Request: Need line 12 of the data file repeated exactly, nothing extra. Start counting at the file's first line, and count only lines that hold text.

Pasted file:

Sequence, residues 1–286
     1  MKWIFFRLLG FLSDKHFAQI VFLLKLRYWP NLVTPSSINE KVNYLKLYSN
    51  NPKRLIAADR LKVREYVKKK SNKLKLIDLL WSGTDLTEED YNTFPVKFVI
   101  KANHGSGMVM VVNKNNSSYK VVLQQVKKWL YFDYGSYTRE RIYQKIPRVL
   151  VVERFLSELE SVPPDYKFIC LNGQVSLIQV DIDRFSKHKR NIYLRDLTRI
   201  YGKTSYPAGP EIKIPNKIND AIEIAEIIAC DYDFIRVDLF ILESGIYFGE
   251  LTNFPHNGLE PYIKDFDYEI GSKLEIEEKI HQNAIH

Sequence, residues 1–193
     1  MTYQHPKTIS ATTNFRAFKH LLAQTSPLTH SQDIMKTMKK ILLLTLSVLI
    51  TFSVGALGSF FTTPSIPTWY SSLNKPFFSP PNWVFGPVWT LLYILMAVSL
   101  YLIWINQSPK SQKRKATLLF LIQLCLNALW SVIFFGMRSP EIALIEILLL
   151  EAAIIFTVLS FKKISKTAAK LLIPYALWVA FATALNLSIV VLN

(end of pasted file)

   151  EAAIIFTVLS FKKISKTAAK LLIPYALWVA FATALNLSIV VLN